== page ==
Hower, J.C., Mastalerz, M., Mardon, S.M., Lis, G. and Drobniak, A., 2003, Distribution of trace elements in coal combustion products: studies of the combustion of single source coals: paper 27 in Fifteenth International American Coal Ash Association Symposium on the Management and Use of Coal Combustion Products, St. Petersburg, Florida, 27-30 January 27-30, 2003, CD-ROM.

Mardon, S.M., and Hower, J.C., 2004, Impact of coal properties on coal combustion by-product quality; examples from a Kentucky power plant: International Journal of Coal Geology v. 59, p. 153-169.

Mastalerz, M., Hower, J.C., Drobniak, A., and Lis, G., 2002, Chemical properties and petrographic composition of coal and fly ash; examples from Indiana mines and power plants, in Proceedings of the Pittsburgh Coal Conference: CD-ROM.

Mastalerz, M., Hower, J.C., Drobniak, A., Mardon, S.M., and Lis, G., 2004, From in-situ coal to fly ash; a study of coal mines and power plants from Indiana: International Journal of Coal Geology, v. 59, p. 171-192.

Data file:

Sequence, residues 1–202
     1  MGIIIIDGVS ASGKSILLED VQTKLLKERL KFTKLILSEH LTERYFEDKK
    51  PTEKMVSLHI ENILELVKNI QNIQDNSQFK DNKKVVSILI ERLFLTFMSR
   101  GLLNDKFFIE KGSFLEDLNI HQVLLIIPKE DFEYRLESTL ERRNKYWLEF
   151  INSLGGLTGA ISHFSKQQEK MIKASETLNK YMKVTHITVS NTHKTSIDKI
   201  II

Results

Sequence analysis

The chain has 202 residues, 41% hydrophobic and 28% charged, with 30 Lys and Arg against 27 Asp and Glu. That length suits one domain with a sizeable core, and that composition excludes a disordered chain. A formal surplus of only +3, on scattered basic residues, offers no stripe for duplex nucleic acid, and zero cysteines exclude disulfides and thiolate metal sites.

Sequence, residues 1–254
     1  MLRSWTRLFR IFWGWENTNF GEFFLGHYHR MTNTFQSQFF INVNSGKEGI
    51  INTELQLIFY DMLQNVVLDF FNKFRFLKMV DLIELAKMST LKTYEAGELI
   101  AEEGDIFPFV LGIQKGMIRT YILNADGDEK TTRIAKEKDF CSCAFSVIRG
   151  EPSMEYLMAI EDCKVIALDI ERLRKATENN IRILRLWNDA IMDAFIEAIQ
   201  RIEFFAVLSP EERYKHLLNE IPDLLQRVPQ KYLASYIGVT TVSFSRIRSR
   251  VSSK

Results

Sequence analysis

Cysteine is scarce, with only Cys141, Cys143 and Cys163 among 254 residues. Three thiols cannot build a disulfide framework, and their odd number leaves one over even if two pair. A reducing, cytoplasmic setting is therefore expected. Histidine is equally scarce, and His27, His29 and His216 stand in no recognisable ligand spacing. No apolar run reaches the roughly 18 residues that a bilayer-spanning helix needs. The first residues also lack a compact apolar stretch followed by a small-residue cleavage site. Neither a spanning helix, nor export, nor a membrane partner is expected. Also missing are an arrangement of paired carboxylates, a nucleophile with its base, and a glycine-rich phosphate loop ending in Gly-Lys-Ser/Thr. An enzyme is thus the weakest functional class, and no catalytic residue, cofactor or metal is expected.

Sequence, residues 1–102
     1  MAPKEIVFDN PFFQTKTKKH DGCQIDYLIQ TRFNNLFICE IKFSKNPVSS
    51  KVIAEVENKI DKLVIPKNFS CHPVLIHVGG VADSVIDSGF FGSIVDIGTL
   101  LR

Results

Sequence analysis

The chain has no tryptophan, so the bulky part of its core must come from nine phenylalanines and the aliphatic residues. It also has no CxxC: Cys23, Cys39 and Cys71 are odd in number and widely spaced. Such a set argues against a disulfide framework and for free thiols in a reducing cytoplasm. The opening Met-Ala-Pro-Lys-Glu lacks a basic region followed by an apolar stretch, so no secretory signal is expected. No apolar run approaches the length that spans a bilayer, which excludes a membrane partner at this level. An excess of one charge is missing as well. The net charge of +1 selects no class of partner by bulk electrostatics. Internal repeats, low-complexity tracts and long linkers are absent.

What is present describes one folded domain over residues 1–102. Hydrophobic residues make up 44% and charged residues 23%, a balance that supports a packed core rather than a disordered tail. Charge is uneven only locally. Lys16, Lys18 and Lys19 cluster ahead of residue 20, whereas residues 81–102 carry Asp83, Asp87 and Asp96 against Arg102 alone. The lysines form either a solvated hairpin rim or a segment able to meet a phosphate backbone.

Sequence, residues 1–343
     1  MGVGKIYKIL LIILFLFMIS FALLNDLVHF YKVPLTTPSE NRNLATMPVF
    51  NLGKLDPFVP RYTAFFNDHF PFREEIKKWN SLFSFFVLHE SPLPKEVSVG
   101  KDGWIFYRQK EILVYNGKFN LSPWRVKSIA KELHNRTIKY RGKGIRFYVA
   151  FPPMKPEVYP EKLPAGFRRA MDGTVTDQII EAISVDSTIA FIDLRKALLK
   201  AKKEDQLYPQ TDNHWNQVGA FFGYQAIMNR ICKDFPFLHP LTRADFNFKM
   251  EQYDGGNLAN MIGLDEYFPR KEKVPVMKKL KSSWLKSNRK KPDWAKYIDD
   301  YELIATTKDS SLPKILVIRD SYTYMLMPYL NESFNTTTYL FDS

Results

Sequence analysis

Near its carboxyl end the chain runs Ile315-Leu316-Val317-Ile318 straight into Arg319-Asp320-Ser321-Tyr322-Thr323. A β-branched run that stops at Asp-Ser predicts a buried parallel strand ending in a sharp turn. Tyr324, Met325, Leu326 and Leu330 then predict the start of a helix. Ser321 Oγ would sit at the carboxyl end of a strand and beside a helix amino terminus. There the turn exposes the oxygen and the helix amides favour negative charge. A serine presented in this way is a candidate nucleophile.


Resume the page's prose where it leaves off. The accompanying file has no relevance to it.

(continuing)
We acknowledge the time and effort spent by the sample collectors and the cooperation of coal-mine and coal-fired power-plant management and personnel. Important funding support for this project came from the Electric Power Research Institute (EPRI, Barbara Toole-O'Neil) and from the U.S. Department of Energy (DOE, Carl Morande). Detroit Edison (Anthony J. Widenman, III) supplied coal characterization analyses for 24 Colorado coal samples.


References Cited

American Society for Testing and Materials, 2005, Annual book of ASTM standards 2005, v. 05.06, 675 p. (URL:

Bullock, J.H. Jr., Cathcart, J.D., and Betterton, W.J., 2002, Analytical methods utilized by the United States Geological Survey for the analysis of coal and coal combustion byproducts: U.S. Geological Survey Open-File Report 02-389, 14 p.

Stanton, R.W., 1989, Sampling of coal beds for analysis, in Golightly, D.W., and Simon, F.O., eds., Methods for sampling and inorganic analysis of coal: U.S. Geological Survey Bulletin 1823, p. 7-13.